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As a "transparency" enthusiast, and a not (at all)-infrequent critic of Mr Kurtz (though how anyone could be as prolific as he and not hit what some perceive as sour notes on occasion is beyond me); AND just as big--if not bigger--Alterman fan, I disagree with Mr A's POV on this one. From what I've seen over many years, 95-percent-plus of Kurtz chat followers are also devoted Kurtz/WaPo column followers and Kurtz/CNN followers. Redundant disclosure does less good than too little disclosure: it becomes background noise. I believe Mr Alterman should have eschewed the temptation to parachute-in and comment on the particular community in the instant matter.

Posted by: hongdb | June 18, 2009 7:58 AM | Report abuse

this question about kurtz' glaring conflict-of-interest concerning his working for and also reporting on cnn is nothing new.

the question has been raied mny times before. so why is it STILL being raised?

why doesn't howie just note the facts, the relationship EVERY SINGLE TIME he even just MENTIONS cnn in a commentary or report?

Posted by: jtfloore | June 18, 2009 10:12 AM | Report abuse

Dear WaPo - Dan Froomkin fired? Did he expose the fact that WaPo doesn't really employ journalists but hacks these days? Was his writing too insightful, not enough partisanship, maybe a bit too pointed? Tweet this WaPo - you're fired.

Posted by: cymric | June 18, 2009 3:49 PM | Report abuse

Dear WaPo - Dan Froomkin fired? He was the only reason I had faith in your paper. Now, I will go away him. Good luck. -DanJ from NoVA

Posted by: danwesjac | June 18, 2009 4:32 PM | Report abuse

If it is true that the Post has ceased its relationship with contributing blogger Dan Froomkin, the Post, its readership, and the American public are the poorer for it. This is an extremely poor editorial decision made on the part of the Post. I predict significantly fewer hits on the Post's web edition going forward (due to Froomkin's absence).

Posted by: Buster3 | June 18, 2009 5:05 PM | Report abuse

Inside Cable News: Howard Kurtz non-disclosure flap…

Posted by: StewartIII | June 18, 2009 5:59 PM | Report abuse

Please search the Ombudsman archives for the phrase:
“That was an oversight and won’t be repeated.” & Howard Kurtz
This is a familiar refrain from Mr Kurtz (& other Wash Post writers), every time they are caught violating Wash Post guidelines they trot out “That was an oversight and won’t be repeated.” Is there ANY accountability?
Making matters worse, Kurtz's show on CNN is titled "Reliable Sources" and is (ostensibly) about media accountability. Writers for the Wash Post CANNOT serve two "masters", a clear policy regarding outside appearances/writing must be enforced by the Wash Post.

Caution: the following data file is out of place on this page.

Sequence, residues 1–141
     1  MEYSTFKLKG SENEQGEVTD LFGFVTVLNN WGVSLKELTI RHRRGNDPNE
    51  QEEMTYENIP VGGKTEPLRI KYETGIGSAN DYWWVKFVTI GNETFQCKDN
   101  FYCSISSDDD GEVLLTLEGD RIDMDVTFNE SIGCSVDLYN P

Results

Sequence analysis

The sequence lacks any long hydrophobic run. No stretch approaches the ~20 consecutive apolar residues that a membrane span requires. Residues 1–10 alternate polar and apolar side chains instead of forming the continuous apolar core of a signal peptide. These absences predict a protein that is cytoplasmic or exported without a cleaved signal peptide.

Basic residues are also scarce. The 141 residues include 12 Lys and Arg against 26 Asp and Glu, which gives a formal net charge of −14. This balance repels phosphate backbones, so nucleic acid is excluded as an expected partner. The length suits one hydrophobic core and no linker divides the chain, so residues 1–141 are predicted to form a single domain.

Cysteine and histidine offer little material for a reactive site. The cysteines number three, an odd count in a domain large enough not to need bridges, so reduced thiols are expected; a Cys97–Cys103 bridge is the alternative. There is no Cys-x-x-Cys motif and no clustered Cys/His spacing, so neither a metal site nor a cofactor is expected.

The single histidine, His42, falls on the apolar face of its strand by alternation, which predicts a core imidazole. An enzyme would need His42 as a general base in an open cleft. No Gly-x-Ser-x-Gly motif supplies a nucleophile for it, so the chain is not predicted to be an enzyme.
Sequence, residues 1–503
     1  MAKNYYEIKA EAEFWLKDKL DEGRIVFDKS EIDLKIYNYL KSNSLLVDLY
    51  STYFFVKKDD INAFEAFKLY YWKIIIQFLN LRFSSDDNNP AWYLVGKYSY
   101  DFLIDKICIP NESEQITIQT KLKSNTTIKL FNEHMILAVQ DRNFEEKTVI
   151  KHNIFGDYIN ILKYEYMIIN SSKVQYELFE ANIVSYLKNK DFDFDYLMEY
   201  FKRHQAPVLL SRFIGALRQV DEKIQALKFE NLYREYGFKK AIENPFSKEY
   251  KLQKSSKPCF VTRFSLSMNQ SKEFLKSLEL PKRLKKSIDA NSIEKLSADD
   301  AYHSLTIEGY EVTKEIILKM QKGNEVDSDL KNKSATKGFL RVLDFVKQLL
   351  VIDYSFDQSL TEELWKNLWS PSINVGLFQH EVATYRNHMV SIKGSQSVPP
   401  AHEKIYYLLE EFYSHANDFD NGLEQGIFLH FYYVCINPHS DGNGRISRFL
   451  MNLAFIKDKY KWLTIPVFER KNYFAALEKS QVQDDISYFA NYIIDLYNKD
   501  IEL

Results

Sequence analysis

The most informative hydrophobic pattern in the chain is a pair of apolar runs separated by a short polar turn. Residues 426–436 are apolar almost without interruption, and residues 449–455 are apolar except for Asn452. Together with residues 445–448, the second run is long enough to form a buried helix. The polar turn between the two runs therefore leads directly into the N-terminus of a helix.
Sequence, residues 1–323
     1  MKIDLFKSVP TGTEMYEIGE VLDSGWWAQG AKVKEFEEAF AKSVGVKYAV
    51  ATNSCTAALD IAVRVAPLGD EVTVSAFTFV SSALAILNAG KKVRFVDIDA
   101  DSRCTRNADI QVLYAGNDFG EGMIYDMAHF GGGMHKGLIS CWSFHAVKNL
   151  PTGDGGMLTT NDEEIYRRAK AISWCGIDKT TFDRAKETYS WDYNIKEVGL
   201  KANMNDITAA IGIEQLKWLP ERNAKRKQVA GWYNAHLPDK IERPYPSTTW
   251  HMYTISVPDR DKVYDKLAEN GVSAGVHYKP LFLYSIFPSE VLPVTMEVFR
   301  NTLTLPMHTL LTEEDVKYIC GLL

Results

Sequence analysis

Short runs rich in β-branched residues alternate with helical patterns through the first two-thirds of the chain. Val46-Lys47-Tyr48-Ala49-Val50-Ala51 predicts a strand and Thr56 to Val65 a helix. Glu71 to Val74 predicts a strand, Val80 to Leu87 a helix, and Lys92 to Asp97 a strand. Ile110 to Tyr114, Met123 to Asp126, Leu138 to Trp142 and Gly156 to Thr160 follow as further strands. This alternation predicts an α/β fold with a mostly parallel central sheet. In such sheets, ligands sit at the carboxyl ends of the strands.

The credibility of the Was Post (already severely damaged) is being compromised.

Posted by: d_j_garcia | June 19, 2009 6:34 AM | Report abuse

Obviously, the way to punish Kurtz is to fire Dan Froomkin. That's WaPo neocon logic for you!

Honestly, even if Kurtz were not such a worthless hack, he is the husband of GOP media strategist Sheri Annis -- a conflict of interest that is never discussed but shows clearly in his every column.

Posted by: nleibowitz | June 19, 2009 10:17 AM | Report abuse

Dan Froomkin is gone.

Good luck, Dan, and nuts to the Post!

Posted by: ACounter | June 19, 2009 2:51 PM | Report abuse

you guys fire froomkin and give nonsensical reasons for doing so, while keeping krauthammer? the krauthammer who manipulates and distorts information to underscore his personal hatred of the current president? if watergate was to happen today, the post wouldn't have a clue. it was woodward and bernstein who had the courage then to rightly call the president a liar, and it's a legacy that should have been your first priority. it's not that the post management is stupid, it's far worse. it's that you have no guts and no ethics. shame shame shame...

Posted by: wijid | June 19, 2009 6:53 PM | Report abuse

"Dan Froomkin fired? Did he expose the fact that WaPo doesn't really employ journalists but hacks these days? Was his writing too insightful, not enough partisanship, maybe a bit too pointed?"


What a cosmic joke the WaPo has become. Fold up now, you clowns, and save yourself further embarrassment.

Posted by: SGlover910 | June 20, 2009 12:37 AM | Report abuse

Disappointed that Froomkin is parting ways with WP.

Disappointed that Mr Kurtz's economic ties are not just routinely revealed as part of his work

Posted by: Mill_in_Mn | June 20, 2009 2:41 AM | Report abuse

What's the big deal? I wasn't aware that anyone cared what Howard Kurtz had to say on either CNN or in the WashingtonPost. Howard Kurtz is another of the Post's stable of non-consequential journalists repeating inside the beltway conventional wisdom. Is it true that the post fired one of its brightest stars, Froomkin, but has room for Kurtz? Makes sense to me?

Posted by: rlrobertsmdphd | June 20, 2009 10:23 PM | Report abuse

No surprise. Howard Kurtz is not exactly the epitome of journalism, unless you measure by contemporary standards, or more correctly, the lack thereof.
The glaring omissions in his regular Sunday talk show are the real news.

Posted by: gord_metcalfe | June 22, 2009 11:03 PM | Report abuse